don't you think you may be a symptom of the times, part of an
undercurrent that's building up?
sort of comparison just falls down when you look at it, really.
It's just like saying that this morning a fly landed on my bed
and I looked at my watch and it was eight o' clock, and that therefore
every morning at eight o' clock flies land on the bed. It doesn't
prove anything just cause it happens a few times.
move on to another observation about you. Did you know that the
Duke of Edinburgh was recently quoted as saying he thought you
were on your way out?
comment. See my manager.
Paul: He didn't
say it, though. There was a retraction, wasn't there?
we got a telegram. Wonderful news.
we sent one back. Addressed to "Liz and Phil".
you ever met the Queen?
she's the only one we haven't met. We've met all the others.
a good lad, though.
you like to meet him?
really. Not more than anyone else.
Paul: I dunno.
Somebody like that you wish you could have met when he was really
at his peak, you know, and sort of doing things and being great.
But there wouldn't be a lot of point now, because he's sort of
gone into retirement and doesn't do a lot of things anymore.
there any other celebrity you *would* like to meet?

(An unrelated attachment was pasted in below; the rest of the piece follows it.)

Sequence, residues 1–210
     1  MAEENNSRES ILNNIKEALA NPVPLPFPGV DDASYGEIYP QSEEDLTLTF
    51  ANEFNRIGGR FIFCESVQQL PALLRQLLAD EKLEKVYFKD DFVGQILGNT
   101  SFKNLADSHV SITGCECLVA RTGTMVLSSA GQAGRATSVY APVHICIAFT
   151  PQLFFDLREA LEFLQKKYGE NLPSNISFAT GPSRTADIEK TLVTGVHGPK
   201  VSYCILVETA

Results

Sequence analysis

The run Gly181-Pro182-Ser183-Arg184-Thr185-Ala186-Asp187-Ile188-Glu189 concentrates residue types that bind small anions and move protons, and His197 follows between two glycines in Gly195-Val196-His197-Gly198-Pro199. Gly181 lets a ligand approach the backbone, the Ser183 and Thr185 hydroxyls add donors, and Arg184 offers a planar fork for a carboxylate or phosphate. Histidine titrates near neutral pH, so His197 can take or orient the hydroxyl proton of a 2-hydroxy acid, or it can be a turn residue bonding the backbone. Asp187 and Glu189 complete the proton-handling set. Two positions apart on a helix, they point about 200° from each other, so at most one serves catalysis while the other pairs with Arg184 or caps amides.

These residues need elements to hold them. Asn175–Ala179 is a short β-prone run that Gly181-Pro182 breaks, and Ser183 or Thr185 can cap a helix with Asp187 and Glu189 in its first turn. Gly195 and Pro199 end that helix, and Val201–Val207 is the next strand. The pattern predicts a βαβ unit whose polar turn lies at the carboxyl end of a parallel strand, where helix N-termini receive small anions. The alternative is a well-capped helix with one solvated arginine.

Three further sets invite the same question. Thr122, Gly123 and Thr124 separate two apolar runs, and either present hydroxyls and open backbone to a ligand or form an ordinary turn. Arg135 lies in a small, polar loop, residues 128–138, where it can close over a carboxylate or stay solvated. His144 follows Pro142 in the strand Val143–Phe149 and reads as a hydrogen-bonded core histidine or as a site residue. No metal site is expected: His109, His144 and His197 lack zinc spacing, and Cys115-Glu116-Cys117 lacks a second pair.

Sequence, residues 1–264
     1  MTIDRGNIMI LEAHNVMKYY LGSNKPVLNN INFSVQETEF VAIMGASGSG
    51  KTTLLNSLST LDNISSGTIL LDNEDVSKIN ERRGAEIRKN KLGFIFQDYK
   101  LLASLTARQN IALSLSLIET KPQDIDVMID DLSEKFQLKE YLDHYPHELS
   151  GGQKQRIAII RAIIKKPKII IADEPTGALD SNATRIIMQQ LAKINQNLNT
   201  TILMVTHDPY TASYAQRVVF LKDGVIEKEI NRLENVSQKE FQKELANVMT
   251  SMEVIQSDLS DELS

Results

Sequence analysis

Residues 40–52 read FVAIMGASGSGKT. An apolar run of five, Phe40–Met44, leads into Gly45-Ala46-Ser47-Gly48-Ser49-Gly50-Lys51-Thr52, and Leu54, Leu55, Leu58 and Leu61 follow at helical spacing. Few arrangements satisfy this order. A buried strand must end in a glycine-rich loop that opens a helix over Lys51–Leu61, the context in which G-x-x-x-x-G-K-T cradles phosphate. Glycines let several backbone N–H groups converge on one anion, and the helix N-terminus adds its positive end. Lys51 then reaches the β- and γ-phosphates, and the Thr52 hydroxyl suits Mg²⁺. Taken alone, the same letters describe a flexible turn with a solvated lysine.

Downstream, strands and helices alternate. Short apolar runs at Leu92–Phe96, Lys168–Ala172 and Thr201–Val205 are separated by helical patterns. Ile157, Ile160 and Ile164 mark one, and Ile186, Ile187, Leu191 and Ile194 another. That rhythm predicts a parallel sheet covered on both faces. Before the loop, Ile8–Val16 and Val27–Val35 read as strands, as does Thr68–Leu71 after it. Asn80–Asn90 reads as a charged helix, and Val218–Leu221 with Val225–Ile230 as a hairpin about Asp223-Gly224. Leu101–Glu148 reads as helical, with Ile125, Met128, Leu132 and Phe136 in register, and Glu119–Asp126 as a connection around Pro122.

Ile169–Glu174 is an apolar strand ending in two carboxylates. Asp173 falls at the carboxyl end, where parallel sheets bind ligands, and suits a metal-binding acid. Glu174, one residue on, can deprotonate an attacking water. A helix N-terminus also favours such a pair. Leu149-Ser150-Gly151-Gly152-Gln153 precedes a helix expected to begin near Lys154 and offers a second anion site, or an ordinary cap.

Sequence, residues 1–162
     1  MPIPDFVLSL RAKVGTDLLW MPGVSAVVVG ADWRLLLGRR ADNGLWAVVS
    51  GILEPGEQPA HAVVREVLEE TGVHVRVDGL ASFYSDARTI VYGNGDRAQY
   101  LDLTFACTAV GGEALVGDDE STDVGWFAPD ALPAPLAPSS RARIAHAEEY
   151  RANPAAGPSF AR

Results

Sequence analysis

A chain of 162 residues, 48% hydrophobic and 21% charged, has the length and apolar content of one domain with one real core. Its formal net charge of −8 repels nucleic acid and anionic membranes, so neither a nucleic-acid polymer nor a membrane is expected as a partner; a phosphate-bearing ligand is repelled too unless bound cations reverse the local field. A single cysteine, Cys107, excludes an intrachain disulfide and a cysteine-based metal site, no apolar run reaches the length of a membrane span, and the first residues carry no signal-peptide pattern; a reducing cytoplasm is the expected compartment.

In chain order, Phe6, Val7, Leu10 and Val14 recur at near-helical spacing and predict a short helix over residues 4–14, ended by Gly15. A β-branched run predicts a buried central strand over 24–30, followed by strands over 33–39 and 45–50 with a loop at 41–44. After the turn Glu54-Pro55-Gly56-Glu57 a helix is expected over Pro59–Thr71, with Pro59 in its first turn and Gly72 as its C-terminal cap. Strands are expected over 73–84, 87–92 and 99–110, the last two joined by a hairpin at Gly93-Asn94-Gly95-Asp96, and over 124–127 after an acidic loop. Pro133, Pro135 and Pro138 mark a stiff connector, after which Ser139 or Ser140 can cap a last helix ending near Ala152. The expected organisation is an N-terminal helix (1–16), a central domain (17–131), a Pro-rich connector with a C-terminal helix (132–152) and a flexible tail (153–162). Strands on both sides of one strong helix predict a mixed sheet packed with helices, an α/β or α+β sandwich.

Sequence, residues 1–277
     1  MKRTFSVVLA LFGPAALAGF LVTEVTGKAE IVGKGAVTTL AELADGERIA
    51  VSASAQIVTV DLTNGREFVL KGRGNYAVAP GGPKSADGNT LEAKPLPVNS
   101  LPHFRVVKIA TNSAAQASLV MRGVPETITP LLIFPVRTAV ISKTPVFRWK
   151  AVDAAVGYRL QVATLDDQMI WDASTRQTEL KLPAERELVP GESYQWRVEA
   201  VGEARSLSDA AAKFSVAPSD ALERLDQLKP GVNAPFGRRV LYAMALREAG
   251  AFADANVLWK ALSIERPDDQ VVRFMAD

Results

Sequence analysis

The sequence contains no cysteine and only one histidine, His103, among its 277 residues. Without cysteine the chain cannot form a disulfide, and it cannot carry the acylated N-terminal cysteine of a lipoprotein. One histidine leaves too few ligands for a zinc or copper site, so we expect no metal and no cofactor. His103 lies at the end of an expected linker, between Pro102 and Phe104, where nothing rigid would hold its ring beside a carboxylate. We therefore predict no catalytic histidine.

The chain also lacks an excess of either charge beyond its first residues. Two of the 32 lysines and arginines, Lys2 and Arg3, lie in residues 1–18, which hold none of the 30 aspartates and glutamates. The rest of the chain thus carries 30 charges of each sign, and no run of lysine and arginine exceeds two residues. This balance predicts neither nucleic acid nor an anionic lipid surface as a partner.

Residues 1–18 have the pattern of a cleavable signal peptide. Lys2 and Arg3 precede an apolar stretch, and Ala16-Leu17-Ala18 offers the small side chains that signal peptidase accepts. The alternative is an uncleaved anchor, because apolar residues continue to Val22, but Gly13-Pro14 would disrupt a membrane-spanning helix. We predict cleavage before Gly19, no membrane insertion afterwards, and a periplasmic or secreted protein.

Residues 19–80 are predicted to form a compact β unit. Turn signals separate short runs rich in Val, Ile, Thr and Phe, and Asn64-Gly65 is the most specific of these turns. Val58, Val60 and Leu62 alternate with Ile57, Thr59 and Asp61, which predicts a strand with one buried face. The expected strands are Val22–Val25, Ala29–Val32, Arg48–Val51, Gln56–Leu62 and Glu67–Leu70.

Paul: I wouldn't
mind meeting Adolf Hitler.
could have every room in your home papered.
you like to meet Princess Margaret?
Paul: We have.
how do you like her?
And Philip's OK, too.
after what he supposedly said about you?
Ringo: I don't
care what he said; I still think he's OK. He didn't say anything
about me personally.
if he *had* said things about us, it doesn't make him worse, you
of royalty ...
never condemns anything unless it's something that they know everybody
I was royal ...
Paul: If I
was royal I would crack long jokes and get a mighty laugh. If
I was royal.
guys seem to be pretty irreverent characters. Are any of you churchgoers?
particularly. But we're not antireligious. We probably seem to
be antireligious because of the fact that none of us believe in
John: If you
say you don't believe in God, everybody assumes you're antireligious,
and you probably think that's what we mean by that. We're not
quite sure *what* we are, but I know we're more agnostic than
you speaking for the group or just yourself?
our official religious spokesman.
Paul: We all
feel roughly the same. We're all agnostics.
people are, anyway.
better to admit it than to be a hypocrite.
only thing we1ve got against religion is the hypocritical side
of it, which I can't stand. Like the clergy is always moaning
about people being poor, while they themselves are all going around
with millions of quid worth of robes on. That's the stuff I can't
Paul: A new
bronze door stuck on the Vatican.
have cost a mighty penny.
believe it or not, we1re not anti-Christ.
anti-Pope and anti-Christian.
you know, in America ...